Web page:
15. Sam Fuld, wearing previous backup CF Alex Presley's #1, had a very successful first game with the Twins at the Trop. He went 2-5 with an RBI and a lead off double in the top of the 9th that really should have come around to score. We know he can play the field better than most on the 25 man and can steal a base or two. With Hicks already out on thin ice after a disastrous 2013 and, excluding taking more walks so far in '14, more of the same this year. Will Fuld kick Aaron Hicks out of center or possibly out of a major league job completely? I know I am a lot more excited for Fuld's future here than Hicks' as of now. Given, this is literally 5 at bats in for Fuld, and Hicks clearly has more upside. Will the Fuld acquisition lead to a demotion for Hicks?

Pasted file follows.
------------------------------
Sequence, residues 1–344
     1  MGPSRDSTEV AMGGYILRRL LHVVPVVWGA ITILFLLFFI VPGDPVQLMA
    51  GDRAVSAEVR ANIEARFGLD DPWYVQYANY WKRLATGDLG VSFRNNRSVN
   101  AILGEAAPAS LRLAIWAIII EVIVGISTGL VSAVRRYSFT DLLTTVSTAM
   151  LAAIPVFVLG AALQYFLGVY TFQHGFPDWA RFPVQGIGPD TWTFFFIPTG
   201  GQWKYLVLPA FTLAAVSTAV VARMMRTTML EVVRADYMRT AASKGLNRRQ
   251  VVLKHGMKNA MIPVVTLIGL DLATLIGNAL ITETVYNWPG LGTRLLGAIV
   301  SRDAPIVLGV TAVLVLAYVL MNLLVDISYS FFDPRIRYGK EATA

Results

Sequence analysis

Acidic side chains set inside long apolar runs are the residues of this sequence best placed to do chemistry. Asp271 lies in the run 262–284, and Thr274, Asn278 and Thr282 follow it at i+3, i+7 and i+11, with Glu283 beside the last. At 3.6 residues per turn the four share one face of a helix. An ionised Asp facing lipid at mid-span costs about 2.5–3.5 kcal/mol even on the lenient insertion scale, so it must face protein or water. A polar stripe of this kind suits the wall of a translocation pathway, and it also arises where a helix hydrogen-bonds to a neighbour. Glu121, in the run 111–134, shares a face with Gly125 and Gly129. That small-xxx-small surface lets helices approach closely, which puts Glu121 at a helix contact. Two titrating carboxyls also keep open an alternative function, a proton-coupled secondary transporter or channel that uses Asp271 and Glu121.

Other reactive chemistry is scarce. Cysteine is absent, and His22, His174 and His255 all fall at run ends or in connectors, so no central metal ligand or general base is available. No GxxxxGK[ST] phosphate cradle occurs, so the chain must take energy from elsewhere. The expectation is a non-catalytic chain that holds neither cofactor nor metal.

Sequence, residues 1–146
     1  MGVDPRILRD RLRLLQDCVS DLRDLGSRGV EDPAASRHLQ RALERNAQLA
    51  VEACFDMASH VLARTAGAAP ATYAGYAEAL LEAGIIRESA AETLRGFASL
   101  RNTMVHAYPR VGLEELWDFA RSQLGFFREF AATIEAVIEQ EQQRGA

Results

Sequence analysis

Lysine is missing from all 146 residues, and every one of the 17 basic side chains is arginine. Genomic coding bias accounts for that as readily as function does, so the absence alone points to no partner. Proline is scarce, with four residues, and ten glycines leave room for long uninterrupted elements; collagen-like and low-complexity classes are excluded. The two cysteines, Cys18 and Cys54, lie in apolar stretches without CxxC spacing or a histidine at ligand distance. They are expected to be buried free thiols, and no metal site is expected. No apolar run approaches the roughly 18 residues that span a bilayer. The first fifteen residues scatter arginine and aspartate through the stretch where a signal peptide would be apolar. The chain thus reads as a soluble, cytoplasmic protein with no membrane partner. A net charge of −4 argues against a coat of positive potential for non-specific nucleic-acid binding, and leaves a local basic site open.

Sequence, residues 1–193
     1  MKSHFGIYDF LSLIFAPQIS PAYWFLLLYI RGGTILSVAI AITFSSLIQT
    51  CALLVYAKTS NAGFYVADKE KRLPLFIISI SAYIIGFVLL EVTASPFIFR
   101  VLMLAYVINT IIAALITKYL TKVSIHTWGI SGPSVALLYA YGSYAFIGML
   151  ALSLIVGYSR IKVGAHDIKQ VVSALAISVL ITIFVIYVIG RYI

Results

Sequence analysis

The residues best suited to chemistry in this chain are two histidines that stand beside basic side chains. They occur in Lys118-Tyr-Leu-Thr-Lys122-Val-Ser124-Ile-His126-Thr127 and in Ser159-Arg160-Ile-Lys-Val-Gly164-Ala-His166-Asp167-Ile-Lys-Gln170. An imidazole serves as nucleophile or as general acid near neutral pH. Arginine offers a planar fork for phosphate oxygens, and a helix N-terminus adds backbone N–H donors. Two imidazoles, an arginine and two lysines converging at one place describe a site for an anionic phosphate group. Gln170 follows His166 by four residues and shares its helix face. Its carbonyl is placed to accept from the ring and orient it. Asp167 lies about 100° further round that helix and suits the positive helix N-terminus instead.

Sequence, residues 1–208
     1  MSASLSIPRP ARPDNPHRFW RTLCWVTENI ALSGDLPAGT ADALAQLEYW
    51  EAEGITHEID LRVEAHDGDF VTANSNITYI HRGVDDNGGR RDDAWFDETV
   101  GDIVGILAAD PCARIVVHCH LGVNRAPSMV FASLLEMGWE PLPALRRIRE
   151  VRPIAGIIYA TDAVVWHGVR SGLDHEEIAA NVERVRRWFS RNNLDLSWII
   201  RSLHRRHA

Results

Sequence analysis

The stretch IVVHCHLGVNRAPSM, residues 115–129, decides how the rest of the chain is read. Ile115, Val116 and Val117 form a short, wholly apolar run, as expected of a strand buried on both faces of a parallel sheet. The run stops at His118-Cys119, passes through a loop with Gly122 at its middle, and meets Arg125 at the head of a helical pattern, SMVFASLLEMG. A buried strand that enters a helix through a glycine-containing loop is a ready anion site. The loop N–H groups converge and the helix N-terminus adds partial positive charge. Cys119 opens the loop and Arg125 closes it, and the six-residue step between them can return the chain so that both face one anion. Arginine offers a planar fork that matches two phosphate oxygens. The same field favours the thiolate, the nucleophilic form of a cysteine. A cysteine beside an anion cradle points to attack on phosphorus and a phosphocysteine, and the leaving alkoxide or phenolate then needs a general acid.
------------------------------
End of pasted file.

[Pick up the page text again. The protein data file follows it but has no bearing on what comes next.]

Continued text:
16. Lately there has been lots of talk about wether or not Mauer will play decently, wether or not Morneau will play at all, what do we do with Nishi, will any of our Pitchers not suck, and do we really not have a better SS option than Grandpa Carroll? What I haven't heard though, is much about Span. He went down with a concussion last year too, and only played in 70 games. Over those 70 games, he amassed a decidedly mediocre line that looks similar to the numbers he put up in 2010. I personally am a bit concerned. He's only played 4 years at the major league level. 2009 was the first year he actually started the season with the club and he did fantastic. He also spent more than half the innings he played in the corner spots. When the Twins moved to Target Field and gave him the starting CF job, his defense was still good but his offensive numbers took a serious dive. Last year, those numbers weren't looking that much better. So...why is he already inked in as our everyday leadoff hitter and CF? Do we even know if he'll be ready to play? If he IS fully recovered, is he recovered to where he was the last two years, or will we see 2009 Span again? Is he just another case of a player who excelled at the dome but struggles at Target Field?